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The Street
The Street
Michael Tedder

Southwest Airlines Missed a Key Deadline (and Passengers Will Be Furious)

There was a time when Southwest Airlines was known for having first-rate customer service.

But these days, it's mainly known for keeping customers waiting, and this reputation won’t be changing anytime soon, it seems.

Southwest ruined literally thousands of people’s holidays in late December, as the airline ended up canceling or massively delaying flights, including nearly 75% (or 4,000 domestic flights) on the day after Christmas alone. In total, more than 16,700 flights were impacted, which could end up costing Southwest $825 million, at least.

The delays were nominally attributed to winter storms. But critics have charged that the reason why Southwest (LUV) folded under pressure, as opposed to airlines that were able to handle the Inclement weather, is that the airline hadn’t spent enough money to update its badly outdated flight scheduling software or to hire enough pilots to make up for the people who left during the pandemic. Instead, management was focused on keeping costs low, and giving executives’ bonuses and shareholder dividends. 

As a result of these choices, in many critics' opinion, a meltdown was just a matter of time for the airline.

Southwest’s newish CEO Robert Jordan has been trying to woo back scorned customers, saying in an e-mail that “during the week between Christmas and New Year's Day, our Customers and Employees–including some of you–endured operational issues that greatly disrupted holiday and end-of-year plans. We want you to know that we are making every effort to prevent that from happening again.”

From there, Jordan promised the airline would make a number of improvements to prevent another meltdown, including spending “more than $1 billion” to upgrade the system.

Jordan also said the airline would work with “great urgency” to process refunds and reimbursement requests, and to offer “those most significantly impacted 25,000 Rapid Rewards points as a gesture of goodwill for their inconvenience.”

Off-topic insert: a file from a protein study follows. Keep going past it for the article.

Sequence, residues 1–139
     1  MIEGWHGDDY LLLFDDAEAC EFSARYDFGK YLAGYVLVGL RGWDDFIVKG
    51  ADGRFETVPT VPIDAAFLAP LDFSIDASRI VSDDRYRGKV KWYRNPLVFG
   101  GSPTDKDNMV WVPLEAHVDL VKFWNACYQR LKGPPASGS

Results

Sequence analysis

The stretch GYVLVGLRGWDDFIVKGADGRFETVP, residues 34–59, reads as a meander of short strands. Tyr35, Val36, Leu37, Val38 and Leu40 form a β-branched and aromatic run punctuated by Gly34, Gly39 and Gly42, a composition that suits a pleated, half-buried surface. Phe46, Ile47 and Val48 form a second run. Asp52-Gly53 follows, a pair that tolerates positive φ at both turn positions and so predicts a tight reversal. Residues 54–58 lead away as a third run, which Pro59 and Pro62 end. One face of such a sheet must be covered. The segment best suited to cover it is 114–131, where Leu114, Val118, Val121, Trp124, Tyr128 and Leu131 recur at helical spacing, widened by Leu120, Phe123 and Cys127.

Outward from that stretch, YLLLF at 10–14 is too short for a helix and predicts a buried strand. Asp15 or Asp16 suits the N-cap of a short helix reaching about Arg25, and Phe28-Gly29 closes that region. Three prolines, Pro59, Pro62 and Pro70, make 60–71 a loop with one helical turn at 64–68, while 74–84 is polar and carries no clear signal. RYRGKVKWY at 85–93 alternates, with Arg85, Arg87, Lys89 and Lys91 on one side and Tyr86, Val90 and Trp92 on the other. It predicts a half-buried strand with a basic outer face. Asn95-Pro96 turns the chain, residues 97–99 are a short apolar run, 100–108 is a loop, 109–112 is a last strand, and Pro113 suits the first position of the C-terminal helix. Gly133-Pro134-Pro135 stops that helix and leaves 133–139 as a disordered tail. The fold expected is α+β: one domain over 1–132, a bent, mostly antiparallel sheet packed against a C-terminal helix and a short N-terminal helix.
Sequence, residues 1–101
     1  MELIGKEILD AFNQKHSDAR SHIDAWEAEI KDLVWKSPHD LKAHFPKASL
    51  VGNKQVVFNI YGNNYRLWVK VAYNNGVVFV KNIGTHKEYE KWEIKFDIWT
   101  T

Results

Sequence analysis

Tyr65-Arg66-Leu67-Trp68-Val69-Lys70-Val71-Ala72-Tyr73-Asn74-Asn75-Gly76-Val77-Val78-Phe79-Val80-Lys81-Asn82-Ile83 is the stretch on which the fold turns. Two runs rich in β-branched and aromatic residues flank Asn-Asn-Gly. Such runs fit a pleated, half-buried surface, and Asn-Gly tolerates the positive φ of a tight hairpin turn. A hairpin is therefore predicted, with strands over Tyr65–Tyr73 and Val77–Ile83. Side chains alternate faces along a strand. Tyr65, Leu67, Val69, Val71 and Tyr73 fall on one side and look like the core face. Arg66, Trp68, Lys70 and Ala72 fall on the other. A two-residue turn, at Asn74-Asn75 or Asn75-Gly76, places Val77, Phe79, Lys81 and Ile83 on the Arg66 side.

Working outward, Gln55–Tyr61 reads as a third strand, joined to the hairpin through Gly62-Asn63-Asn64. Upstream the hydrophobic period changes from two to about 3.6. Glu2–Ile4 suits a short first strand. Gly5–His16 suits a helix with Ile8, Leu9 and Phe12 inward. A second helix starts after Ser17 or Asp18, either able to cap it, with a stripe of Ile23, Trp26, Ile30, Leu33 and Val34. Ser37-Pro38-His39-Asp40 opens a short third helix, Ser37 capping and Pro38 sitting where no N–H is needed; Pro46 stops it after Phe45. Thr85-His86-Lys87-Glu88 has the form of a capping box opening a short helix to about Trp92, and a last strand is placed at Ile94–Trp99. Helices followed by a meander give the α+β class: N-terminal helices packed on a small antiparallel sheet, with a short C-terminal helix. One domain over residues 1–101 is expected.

But here’s the thing about an apology. If you truly want people to forgive you, you must show that you know you made a mistake and that you’re going to work hard to fix it. But at the moment, there’s ample evidence that Southwest isn’t living up to its promises to change.

Customers Are Still Waiting For Their Refunds

Secretary of Transportation Pete Buttigieg gave Southwest Airlines a strict deadline to issue refunds to customers who were impacted by the “unacceptable” cancellations. In a letter to Jordan, Buttigieg said the law required Southwest to "provide prompt refunds" for canceled flights that are not rebooked.

"This means Southwest must provide refunds within seven business days if a passenger paid by credit card, and within 20 days if a passenger paid by cash, check, or other means," the letter said. He also called on Southwest to cover expenses such as hotels and meals for grounded customers.

But so far, there've been plenty of reports of people who are still waiting for their refunds, including a “a high school basketball team from Seattle, Washington, that got stranded in Las Vegas for five days over Christmas after Southwest canceled their flight had only received a partial payment, according to Business Insider, which adds that the coach and his wife spent over $10,000 on incidental expenses “and were still waiting on those reimbursement requests to be reviewed.”

Chip Somodevilla/Getty Images/TheStreet

Is the Department of Transportation On The Case?

Customers can request a refund from Southwest, and Buttigieg has said that anyone who has not received a refund yet can contact the Department of Transportation, which will look into the matter.

A spokesperson for the DOT told Insider that it will “hold Southwest accountable if it fails" to issue timely refunds or reimbursements. But so far, there hasn’t been any word about what that actually means, and if the agency has any plans to levy fines against the airline, or if Buttigieg plans to stick with verbal warnings for the foreseeable future.

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